Unless you’re Comcast or AT&T, you ought to be heartened by Federal Communications Commission Chairman Tom Wheeler’s embrace of a free and open Internet.
Writing in Wired magazine, Wheeler rejected the notion of Internet toll lanes by which big companies could pay to receive preferential treatment and greater access to consumers’ homes and businesses.
Instead, Wheeler likens Internet providers to public utilities. Like utilities, the Internet has become a common carrier. No matter who you are, you likely depend upon the Internet to ferry you from here to there as you conduct your daily affairs.
Wheeler promises to submit proposed new rules to the full commission for a vote on Feb. 26. His goal is “preserve the Internet as an open platform for innovation and free expression.”
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Importantly, his proposal would apply to mobile broadband, or wireless Internet, so that users can to go any legal site by whatever means.
The notion of net neutrality is especially important in California, where startups and innovators need equal Internet access, just like Google, Apple, Facebook, Netflix and other behemoths, which were themselves startups only a few years ago.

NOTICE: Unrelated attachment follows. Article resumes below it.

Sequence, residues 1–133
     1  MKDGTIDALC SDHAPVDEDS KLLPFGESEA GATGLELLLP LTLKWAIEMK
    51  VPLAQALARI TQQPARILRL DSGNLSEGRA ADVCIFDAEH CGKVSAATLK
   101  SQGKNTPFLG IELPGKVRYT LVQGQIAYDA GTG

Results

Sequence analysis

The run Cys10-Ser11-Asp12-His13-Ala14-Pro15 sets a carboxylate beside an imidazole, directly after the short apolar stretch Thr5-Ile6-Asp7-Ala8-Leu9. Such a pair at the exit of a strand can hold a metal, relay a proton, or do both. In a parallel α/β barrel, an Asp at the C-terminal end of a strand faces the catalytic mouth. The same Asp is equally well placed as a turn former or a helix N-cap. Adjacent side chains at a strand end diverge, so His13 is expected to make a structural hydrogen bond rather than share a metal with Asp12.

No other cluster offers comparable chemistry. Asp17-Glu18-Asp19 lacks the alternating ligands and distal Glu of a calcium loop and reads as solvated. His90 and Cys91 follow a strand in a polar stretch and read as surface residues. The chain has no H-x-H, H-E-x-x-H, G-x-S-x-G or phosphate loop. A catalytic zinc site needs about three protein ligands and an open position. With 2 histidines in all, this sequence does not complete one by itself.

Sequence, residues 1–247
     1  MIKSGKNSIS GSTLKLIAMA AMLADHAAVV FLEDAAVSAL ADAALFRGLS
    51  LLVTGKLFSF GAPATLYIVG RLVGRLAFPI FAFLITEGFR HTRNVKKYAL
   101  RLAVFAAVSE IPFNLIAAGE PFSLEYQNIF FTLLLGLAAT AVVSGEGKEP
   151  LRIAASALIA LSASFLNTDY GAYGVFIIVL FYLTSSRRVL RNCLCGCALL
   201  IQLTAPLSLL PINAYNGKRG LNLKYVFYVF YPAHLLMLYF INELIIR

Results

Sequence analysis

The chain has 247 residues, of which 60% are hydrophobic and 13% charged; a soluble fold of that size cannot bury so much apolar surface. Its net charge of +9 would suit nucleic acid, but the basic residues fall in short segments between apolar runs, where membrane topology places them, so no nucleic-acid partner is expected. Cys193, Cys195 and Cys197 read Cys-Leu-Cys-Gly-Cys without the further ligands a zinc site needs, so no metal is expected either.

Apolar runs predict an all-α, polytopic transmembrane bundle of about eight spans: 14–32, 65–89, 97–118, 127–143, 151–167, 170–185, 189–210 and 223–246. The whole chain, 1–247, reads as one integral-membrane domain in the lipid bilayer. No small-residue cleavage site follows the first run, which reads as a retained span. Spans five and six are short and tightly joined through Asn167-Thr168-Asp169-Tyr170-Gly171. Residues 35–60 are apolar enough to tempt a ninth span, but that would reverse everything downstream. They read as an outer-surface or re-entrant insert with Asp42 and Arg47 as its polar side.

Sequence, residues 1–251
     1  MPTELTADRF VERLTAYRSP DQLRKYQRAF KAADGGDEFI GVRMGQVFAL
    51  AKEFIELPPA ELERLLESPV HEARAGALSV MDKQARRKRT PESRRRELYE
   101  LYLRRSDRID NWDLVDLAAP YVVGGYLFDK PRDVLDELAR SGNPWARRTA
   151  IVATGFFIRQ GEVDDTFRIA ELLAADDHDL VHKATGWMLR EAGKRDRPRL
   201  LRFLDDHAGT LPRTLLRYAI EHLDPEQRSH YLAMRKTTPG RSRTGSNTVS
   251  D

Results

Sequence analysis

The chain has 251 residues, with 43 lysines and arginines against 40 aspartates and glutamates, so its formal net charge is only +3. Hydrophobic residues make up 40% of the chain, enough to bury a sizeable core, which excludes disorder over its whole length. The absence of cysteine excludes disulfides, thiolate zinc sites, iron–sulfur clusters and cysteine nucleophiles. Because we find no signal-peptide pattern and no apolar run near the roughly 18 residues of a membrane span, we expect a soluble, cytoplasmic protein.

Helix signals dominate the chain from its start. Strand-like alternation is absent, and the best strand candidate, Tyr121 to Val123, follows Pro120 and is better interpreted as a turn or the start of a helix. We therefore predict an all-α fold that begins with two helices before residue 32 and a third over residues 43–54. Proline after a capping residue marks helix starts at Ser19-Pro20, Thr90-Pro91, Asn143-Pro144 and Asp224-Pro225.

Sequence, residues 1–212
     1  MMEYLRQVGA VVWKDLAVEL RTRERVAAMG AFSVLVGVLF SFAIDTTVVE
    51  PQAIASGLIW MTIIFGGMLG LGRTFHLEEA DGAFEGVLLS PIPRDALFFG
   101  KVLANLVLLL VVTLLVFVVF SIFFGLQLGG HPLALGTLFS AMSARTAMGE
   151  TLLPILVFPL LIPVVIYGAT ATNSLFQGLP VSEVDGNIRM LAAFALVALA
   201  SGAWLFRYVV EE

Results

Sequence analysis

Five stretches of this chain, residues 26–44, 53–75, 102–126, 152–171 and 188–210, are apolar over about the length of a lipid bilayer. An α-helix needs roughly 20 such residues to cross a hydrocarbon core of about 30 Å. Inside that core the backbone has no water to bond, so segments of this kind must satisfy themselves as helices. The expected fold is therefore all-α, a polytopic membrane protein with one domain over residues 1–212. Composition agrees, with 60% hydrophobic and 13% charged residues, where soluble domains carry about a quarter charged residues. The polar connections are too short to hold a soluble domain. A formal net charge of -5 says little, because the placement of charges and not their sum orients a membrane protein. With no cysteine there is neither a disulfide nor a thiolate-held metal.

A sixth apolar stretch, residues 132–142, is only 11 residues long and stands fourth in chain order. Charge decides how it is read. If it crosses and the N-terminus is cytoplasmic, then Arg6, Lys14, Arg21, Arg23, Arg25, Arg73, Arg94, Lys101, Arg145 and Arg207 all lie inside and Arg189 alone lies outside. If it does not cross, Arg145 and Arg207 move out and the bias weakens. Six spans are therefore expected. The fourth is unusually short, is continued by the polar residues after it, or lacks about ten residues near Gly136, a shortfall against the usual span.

Wheeler seeks to apply Title II of the 1934 Communications Act to the Internet. The 1934 act was intended to prohibit radio, phone and telegraph operators from price gouging and restricting access to critical service.
Without doubt, the Internet providers will squawk. As they have in the past, some combination of them probably will sue to block us from having unfettered access.
Michael Powell, head of the National Cable and Telecommunications Association, issued a statement denouncing the proposal, saying it “goes far beyond the worthy goal of establishing important net neutrality protections.” Powell was FCC chairman under President George W. Bush.
Wheeler said he will seek to ensure that providers receive adequate rates of return.
To the extent the stock prices are a gauge of what Washington regulators think or do, investors didn’t seem too alarmed by Wheeler’s comments. Comcast’s stock price ticked up by 2.69 percent on Wednesday.
President Barack Obama has made clear that there shouldn’t be fast lanes for the corporations that can pay. No doubt, Wheeler is implementing his president’s vision. That vision is shared by many Americans; there have been 4 million comments on the FCC’s net neutrality proposal.
“We need to keep Internet providers from bullying or playing favorites. We don’t want them to be gatekeepers,” Ellen Bloom, of Consumers Union in Washington, among the consumer advocates who lauded Wheeler, said in an interview.
Simultaneously, the Federal Communications Commission and U.S. Department of Justice are deciding whether to approve the Comcast-Time Warner merger. The California Public Utilities Commission and Attorney General Kamala Harris ought to speak up, as well.
The resulting merger would create a hugely powerful entity that could exert undue control over the Internet. Given that ominous prospect, Wheeler’s strong stand in favor of free and open access is even more important.